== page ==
Spangler concluded that while every property may not think they need real time monitoring, the service is an insurance policy against future leaks and easily paid for itself with a single leak and within a 60-day timeframe.

A sprinkle of savings

U.S. Environmental Protection Agency EPA estimates that as much as 50 percent of water used for irrigation is wasted due to evaporation, wind or runoff caused by inefficient systems. This can rise as high as 60 per-cent in water-challenged areas like the southwest. Over-watered landscapes can also, and quite easily, result in property dam-age, fiscal liability and elevated sewer costs.

While water and sewer are historically one of the highest line items on a property’s P&L statement, it is often overlooked when passed through to the resident.

Spangler’s second case study provided the results of saving water at multifamily proper-ties through smart irrigation. Greystar hired HydroPoint Data Systems, Inc. to run an analysis on the water used for irrigation at three properties located in Mesa and Phoenix, Arizona, and Colorado Springs, Colorado, based on their high water bills. A trifecta of rising costs, suspected water waste and poor landscape health compelled the in-depth assessment of the properties’ irrigation systems and their efficiency.  Greystar was looking to benchmark water use against best practices and regionally appropriate water use.

After establishing a baseline on the water used for irrigation at each property, they installed their WeatherTRAK smart irrigation controllers at the three sites. The property in Mesa, Arizona, saw an immediate savings of 25 percent less water use, realizing an annual savings of 2,332,000 gallons of water. This meant an increase of $14,109 to the property each subsequent year.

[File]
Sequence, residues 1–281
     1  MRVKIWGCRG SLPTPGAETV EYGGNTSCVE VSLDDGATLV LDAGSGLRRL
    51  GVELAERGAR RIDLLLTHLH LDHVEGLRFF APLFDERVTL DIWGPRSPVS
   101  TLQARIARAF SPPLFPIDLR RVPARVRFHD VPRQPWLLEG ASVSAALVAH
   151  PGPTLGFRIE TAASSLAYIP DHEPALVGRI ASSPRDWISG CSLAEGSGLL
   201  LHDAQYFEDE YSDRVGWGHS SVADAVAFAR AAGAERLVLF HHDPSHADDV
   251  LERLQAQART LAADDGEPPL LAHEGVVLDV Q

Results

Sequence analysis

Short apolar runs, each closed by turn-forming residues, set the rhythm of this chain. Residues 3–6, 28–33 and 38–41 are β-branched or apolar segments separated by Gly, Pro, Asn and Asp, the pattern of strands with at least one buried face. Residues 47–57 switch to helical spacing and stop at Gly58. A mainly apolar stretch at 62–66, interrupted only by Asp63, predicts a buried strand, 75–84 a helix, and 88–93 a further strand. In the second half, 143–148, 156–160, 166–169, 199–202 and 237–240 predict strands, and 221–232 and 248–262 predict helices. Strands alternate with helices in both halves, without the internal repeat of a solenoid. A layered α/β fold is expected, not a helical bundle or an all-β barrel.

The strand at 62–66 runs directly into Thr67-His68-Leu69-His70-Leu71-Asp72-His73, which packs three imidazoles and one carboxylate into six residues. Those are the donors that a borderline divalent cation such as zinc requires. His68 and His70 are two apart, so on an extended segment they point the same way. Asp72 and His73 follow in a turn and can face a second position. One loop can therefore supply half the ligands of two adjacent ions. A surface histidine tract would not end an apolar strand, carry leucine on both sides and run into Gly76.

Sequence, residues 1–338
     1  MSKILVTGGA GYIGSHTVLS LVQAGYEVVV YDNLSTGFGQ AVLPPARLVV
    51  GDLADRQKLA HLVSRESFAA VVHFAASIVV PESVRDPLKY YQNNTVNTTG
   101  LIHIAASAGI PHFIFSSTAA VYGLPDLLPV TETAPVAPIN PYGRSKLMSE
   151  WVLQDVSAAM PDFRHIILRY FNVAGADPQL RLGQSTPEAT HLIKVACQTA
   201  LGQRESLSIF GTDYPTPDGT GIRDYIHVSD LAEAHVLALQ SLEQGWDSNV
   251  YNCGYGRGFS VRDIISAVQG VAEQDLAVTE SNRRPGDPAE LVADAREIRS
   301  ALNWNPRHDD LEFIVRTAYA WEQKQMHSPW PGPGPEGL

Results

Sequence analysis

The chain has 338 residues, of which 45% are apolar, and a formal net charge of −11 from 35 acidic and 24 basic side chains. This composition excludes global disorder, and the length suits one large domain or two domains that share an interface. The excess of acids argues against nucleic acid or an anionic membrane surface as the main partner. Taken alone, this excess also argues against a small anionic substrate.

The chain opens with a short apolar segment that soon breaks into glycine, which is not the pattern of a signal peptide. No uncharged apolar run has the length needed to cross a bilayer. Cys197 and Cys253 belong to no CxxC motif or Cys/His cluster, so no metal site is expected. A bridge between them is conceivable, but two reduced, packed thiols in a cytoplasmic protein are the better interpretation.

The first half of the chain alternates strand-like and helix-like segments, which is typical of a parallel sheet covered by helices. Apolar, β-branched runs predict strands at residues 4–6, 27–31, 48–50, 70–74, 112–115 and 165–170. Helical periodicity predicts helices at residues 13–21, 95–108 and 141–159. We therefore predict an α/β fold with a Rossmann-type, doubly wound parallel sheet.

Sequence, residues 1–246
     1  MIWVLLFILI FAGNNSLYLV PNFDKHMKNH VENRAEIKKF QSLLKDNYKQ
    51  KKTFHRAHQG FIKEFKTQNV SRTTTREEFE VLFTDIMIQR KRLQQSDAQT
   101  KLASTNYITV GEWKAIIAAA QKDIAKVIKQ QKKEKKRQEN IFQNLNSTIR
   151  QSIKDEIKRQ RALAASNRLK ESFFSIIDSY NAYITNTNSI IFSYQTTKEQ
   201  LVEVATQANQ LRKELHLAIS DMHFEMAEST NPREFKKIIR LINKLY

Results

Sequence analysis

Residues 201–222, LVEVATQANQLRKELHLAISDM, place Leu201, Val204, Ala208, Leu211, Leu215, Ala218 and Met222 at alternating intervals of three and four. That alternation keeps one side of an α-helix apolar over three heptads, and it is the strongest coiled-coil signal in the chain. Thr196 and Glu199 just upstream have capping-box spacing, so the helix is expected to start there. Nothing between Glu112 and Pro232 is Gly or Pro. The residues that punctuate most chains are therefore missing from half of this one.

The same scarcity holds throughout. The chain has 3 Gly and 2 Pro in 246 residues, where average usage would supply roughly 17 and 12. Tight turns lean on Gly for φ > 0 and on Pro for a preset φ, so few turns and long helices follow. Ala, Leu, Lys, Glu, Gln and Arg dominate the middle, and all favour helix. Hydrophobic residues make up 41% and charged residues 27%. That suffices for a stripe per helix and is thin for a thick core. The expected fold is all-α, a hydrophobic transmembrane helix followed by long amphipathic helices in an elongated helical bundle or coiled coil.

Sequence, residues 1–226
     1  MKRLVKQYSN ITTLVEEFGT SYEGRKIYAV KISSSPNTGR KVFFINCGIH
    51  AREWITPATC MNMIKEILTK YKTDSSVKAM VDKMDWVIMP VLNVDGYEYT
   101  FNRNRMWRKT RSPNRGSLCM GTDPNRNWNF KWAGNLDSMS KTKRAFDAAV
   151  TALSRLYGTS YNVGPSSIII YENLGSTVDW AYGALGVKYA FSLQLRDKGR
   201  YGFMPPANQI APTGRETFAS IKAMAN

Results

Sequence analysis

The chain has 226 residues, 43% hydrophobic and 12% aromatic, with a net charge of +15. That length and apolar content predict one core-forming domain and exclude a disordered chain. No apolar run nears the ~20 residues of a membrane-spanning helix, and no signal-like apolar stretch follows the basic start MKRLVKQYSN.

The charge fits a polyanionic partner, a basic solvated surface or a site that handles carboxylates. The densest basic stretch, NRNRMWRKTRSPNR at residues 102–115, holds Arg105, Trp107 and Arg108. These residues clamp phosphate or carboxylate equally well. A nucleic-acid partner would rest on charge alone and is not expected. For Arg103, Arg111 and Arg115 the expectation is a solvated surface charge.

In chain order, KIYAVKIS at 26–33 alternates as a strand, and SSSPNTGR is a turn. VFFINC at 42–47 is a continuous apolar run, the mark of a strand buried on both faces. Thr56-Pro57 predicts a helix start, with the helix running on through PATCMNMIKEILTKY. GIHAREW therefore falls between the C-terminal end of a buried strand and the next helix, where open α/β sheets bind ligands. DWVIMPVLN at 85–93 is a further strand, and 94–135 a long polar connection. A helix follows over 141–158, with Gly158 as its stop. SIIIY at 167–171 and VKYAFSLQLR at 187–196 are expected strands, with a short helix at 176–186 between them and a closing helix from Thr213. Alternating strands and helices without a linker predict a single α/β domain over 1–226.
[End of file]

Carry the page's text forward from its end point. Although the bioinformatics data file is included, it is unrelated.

A revised irrigation plan at the Phoenix property resulted in a 26 percent decrease in water use, even in the hottest, peak irrigation months of the year. This translated to more than $40,000 in savings annually.

Still, the Colorado Springs property yielded the golden ticket. The site saved over $7,303 in water used within the first 60 days, setting in motion a ROI period of a mere 15 months.

The irony is that landscape health actually improved by virtue of a more efficient sys-tem, creating asset value and improved curb appeal. The added bonus is that the smart irrigation system delivers operational efficiency with remote visibility and controls of the system and the community grounds.

Smart irrigation is now one of Spangler’s top water savings tools since his beta tests in Arizona and Colorado.

Conclusion

There are many tried-and-true ways to generate cash flow, bolster asset value and encourage utility conservation. The estimated wasted water across our country is particularly significant, and the cost of water promises to only rise in the years ahead.

Apartment owners and operators who manage conventional assets are generally compelled to operate by cost-benefit analysis for any retrofit or operational decision. Determining which retrofits produce the greatest value for the dollar is the best way prioritize how to mitigate rising costs.